Gender dysphoria is ongoing serious stress that you feel because your gender – your sense of being male or female – doesn’t match up with the sexual identity and reproductive organs you had at birth. It can lead to mental health problems, such as depression, and to self-harm. If you have gender dysphoria, however, there are resources that can assist you.
What is gender?
Gender is your inner sense of being a male or female, or somewhere in between. It is a vital way of seeing and expressing yourself. The gender that you identify with might be the same as, or it might be different from the biological sex (boy or girl) that you were assigned at birth.
How does gender dysphoria come about?
At birth, you are labelled male or female based on your ‘biological sex’ – your physical sexual or reproductive characteristics, such as whether you have a vagina or a penis.
Different people show their gender identity in different ways. Some people have a sense of their own gender identity that doesn’t match up with the sex that they have been born with. They might have been born female and later identify themselves as male; they might have been born male and later identify themselves as female. Or they might identify as somewhere in between a boy and a girl or a man and a woman. They might have another sense of their gender identity. These different situations can be described as ‘transgender’ or ‘gender diverse’.
Some people with gender dysphoria have a very strong feeling of wanting their body changed so it fits their self-identified gender. They might want to have the physical features of that gender and be treated as having that gender identity. These feelings may become stronger around puberty and adolescence.
It is common for people with gender dysphoria to be anxious or depressed, or to think about hurting or even killing themselves.
This is not the case for everyone who is transgender or gender diverse, and not everyone who is transgender or gender diverse will experience gender dysphoria. Gender diversity by itself does not cause mental health problems.
Support for people with gender dysphoria
If you, your child or partner might be experiencing gender dysphoria, you can talk to a doctor or other health professional about what help you can get.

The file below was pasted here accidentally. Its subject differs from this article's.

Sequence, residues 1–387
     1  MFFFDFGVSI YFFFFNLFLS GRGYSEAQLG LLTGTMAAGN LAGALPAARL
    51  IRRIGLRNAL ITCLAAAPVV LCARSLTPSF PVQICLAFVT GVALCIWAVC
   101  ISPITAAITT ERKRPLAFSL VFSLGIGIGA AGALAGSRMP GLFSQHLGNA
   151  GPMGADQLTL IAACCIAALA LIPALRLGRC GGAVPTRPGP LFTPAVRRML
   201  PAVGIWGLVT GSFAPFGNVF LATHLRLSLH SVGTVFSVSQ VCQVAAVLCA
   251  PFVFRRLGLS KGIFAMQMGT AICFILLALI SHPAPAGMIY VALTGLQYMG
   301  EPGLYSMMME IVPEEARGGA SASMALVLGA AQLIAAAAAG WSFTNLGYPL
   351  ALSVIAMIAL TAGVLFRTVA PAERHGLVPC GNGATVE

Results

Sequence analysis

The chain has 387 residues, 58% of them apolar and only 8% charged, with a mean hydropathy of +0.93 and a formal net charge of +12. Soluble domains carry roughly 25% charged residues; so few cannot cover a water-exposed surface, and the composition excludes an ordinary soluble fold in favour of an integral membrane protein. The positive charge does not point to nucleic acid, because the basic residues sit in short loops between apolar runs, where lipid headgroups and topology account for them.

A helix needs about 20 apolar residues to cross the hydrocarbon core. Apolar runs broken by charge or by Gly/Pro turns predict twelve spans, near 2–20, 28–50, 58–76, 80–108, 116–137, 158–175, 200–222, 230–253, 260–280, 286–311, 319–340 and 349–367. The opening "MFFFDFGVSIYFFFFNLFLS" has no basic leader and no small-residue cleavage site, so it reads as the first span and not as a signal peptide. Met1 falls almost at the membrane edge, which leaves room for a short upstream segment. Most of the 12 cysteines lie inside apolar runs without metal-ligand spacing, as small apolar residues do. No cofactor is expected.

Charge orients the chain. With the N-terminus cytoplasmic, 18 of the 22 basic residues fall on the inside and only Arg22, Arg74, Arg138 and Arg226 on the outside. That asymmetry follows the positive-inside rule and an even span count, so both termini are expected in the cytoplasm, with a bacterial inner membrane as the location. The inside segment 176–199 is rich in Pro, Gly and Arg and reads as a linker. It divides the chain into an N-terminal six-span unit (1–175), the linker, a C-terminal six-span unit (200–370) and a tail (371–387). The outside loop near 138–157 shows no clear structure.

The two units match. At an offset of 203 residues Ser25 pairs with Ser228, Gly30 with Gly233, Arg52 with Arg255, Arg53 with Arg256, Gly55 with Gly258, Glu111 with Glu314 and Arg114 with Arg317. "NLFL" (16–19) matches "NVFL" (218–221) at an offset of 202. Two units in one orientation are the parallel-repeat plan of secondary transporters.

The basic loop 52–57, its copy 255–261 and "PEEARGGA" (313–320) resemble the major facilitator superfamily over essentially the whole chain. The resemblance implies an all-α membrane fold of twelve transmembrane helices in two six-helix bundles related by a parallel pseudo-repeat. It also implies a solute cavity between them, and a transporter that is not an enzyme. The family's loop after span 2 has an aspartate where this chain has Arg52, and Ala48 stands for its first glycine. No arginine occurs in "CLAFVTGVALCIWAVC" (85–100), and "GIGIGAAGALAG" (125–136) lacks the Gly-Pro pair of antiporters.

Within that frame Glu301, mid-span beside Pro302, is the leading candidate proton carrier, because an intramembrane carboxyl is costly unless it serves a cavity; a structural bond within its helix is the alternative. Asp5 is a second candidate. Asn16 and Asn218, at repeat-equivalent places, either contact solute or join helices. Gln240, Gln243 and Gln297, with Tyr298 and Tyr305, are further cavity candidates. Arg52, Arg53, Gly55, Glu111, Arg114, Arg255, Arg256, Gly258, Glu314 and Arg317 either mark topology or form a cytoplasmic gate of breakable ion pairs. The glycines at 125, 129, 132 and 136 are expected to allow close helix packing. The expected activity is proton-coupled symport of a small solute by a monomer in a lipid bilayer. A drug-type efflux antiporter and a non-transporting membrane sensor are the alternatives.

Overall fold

Choices for people with gender dysphoria
If someone has gender dysphoria, there are different things that might help them. Treatment is focused on supporting the person and their family in working out what is best for the person.
Psychological counselling, especially from someone who has experience in treating people with gender dysphoria, might be helpful. Some people also find it helpful to change their sex on official documents, like their passport or driver’s licence, to show the gender they identify with. In Australia, you will need a letter from your general practitioner or psychologist to change from male to female or vice versa on official documents.
It is unethical for a doctor or psychologist to try to change your gender identity, and this is not an appropriate form of treatment.
Hormone treatment can help some people with gender dysphoria. There are two types of treatment:
- medication to block puberty, which can be prescribed for children from 10 years old
- cross-sex hormone treatment, with hormones such as oestrogen or testosterone, which can be prescribed from around 16 years old.
The type of hormone treatment will depend on whether or not you have been through puberty yet. It will be supervised by a specialist in hormonal treatment. Depending on your age, you may need permission from your parents and legal authorities to go ahead.
Once you are 18, if you want to, you can consider surgery to change some of the physical features that don’t line up with your gender. Usually people have hormone treatment for some time before deciding on surgery.
There are many kinds of treatment for gender dysphoria. Treatment will be tailored to your needs. You should feel free to ask your doctor any questions you might have.
Last reviewed: January 2017